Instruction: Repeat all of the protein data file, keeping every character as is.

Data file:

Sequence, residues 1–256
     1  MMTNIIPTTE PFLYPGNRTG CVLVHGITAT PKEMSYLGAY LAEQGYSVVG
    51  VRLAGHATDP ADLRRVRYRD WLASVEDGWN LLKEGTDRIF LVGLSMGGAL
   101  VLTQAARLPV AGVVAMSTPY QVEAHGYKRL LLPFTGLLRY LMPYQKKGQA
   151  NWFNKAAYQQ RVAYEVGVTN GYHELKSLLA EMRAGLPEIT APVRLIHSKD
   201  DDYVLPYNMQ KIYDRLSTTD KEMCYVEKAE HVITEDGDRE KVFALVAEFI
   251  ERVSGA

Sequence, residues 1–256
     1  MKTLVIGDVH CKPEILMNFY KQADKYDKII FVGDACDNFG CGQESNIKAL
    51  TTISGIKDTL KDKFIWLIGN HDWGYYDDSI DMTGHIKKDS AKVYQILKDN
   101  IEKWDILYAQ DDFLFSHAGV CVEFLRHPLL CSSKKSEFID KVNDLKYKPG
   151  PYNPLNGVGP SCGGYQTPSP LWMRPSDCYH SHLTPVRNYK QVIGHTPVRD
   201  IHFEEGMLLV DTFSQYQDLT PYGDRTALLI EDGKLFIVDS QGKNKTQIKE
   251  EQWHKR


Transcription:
Sequence, residues 1–256
     1  MMTNIIPTTE PFLYPGNRTG CVLVHGITAT PKEMSYLGAY LAEQGYSVVG
    51  VRLAGHATDP ADLRRVRYRD WLASVEDGWN LLKEGTDRIF LVGLSMGGAL
   101  VLTQAARLPV AGVVAMSTPY QVEAHGYKRL LLPFTGLLRY LMPYQKKGQA
   151  NWFNKAAYQQ RVAYEVGVTN GYHELKSLLA EMRAGLPEIT APVRLIHSKD
   201  DDYVLPYNMQ KIYDRLSTTD KEMCYVEKAE HVITEDGDRE KVFALVAEFI
   251  ERVSGA

Sequence, residues 1–256
     1  MKTLVIGDVH CKPEILMNFY KQADKYDKII FVGDACDNFG CGQESNIKAL
    51  TTISGIKDTL KDKFIWLIGN HDWGYYDDSI DMTGHIKKDS AKVYQILKDN
   101  IEKWDILYAQ DDFLFSHAGV CVEFLRHPLL CSSKKSEFID KVNDLKYKPG
   151  PYNPLNGVGP SCGGYQTPSP LWMRPSDCYH SHLTPVRNYK QVIGHTPVRD
   201  IHFEEGMLLV DTFSQYQDLT PYGDRTALLI EDGKLFIVDS QGKNKTQIKE
   251  EQWHKR